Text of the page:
Supply Chain ISAC

Surface Transportation, Public Transportation & Over-the-Road ISAC

Water ISAC


Cyber Incident Reporting:  A Unified Message for Reporting Message for Reporting to the Federal Government – U.S. Department of Homeland Security

This fact sheet, Cyber Incident Reporting:  A Unified Message for Reporting to the Federal Government, explains when, what, and how to report a cyber incident to the federal government.

 

Law Enforcement Cyber Incident Reporting Unified Message

The U.S. Department of Homeland Security, the Federal Bureau of Investigation, and the International Association of Chiefs of Police, in partnership with law enforcement agencies across the country, have released the Law Enforcement Cyber Incident Reporting Unified Message. This document details different ways law enforcement partners can report suspected or confirmed cyber incidents to the federal government. The Unified Message can be viewed in the Law Enforcement Cyber Incident Reporting section of http://www.dhs.gov/combat-cyber-crime.

 

Federal Bureau of Investigations (FBI)

The FBI Cyber Division heads national efforts to investigate and prosecute internet crimes, including cyber based terrorism, espionage, computer intrusions and major cyber fraud.  This division works through the National Cyber Investigative Joint Task Force (NCIJTF) and cyber investigative squads in each FBI field office. FBI – Cyber Crime Website

 

Department of Homeland Security – Combating Cyber Crimes

DHA components such as the U.S. Secret Service and U.S. Immigrations and Customs Enforcement have special divisions dedicated to fighting  cyber crime.  DHS – Combating CyberCrime Website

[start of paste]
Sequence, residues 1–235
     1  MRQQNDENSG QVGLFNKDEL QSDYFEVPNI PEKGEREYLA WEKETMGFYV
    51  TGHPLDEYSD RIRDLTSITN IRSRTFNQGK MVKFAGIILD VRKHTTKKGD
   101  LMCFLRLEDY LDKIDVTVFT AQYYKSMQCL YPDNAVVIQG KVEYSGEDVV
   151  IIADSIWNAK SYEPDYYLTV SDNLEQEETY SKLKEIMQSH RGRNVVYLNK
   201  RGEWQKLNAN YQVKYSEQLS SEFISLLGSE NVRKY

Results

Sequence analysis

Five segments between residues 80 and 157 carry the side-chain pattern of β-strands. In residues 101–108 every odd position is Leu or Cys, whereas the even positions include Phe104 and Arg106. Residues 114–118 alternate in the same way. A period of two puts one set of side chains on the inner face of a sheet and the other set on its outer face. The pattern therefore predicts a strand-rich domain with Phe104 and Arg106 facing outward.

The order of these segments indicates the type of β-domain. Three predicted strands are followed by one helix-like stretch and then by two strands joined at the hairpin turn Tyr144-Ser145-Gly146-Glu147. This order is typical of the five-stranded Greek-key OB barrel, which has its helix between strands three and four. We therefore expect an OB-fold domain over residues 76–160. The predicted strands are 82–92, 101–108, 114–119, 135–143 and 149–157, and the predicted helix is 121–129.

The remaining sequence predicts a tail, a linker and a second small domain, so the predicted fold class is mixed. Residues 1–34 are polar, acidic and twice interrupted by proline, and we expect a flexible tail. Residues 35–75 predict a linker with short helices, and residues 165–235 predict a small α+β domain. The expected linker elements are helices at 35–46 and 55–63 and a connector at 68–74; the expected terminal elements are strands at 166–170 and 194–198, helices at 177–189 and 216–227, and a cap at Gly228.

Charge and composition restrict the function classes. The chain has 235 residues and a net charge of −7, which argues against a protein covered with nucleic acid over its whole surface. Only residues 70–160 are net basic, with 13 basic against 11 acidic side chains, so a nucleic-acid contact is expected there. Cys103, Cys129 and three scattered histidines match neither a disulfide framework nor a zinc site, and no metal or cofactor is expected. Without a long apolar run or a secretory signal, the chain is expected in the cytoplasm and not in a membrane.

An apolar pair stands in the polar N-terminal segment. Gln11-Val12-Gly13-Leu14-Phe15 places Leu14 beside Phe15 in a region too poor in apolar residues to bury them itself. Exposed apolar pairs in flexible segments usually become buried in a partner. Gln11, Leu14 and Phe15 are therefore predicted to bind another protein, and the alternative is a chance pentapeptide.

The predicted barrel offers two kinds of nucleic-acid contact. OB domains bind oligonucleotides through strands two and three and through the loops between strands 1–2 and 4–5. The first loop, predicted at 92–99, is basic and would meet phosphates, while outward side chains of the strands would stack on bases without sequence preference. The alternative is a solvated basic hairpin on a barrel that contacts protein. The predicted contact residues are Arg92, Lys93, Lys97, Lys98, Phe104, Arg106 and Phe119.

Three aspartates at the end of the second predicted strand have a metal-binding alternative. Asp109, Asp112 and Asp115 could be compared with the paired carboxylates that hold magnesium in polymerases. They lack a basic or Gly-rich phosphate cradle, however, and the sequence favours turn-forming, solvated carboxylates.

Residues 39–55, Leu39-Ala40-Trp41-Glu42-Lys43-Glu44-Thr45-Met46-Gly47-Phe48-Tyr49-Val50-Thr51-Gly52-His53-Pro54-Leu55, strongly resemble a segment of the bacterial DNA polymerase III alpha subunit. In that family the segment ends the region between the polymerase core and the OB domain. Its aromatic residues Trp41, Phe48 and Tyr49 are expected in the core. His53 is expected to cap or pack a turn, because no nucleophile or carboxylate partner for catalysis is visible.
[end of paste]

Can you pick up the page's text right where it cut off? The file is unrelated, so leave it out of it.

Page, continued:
Industrial Control Systems Cyber Emergency Response Team (ICS-CERT)

The Industrial Control Systems Cyber Emergency Response Team (ICS-CERT) works to reduce risks within and across all critical infrastructure sectors by partnering with law enforcement agencies and the intelligence community and coordinating efforts among Federal, state, local, and tribal governments and control systems owners, operators, and vendors. Additionally, ICS-CERT collaborates with international and private sector Computer Emergency Response Teams (CERTs) to share control systems-related security incidents and mitigation measures. ICS-CERT Website

 


Federal Communication Commission Small Business Cyber Planner

The Small Biz Cyber Planner is available at FCC' s Cyberplanner.

US Computer Emergency Readiness Team (US-CERT)

Cyber Incident Reporting - US CERT is responsible for analyzing and reducing cyber threats and vulnerabilities, disseminating cyber threat warning information, and coordinating incident response activities.  It is 24-hour operational arm of the DHS National Cyber Security Division (NCSD).  If you need to report an incident to US CERT, click the following link: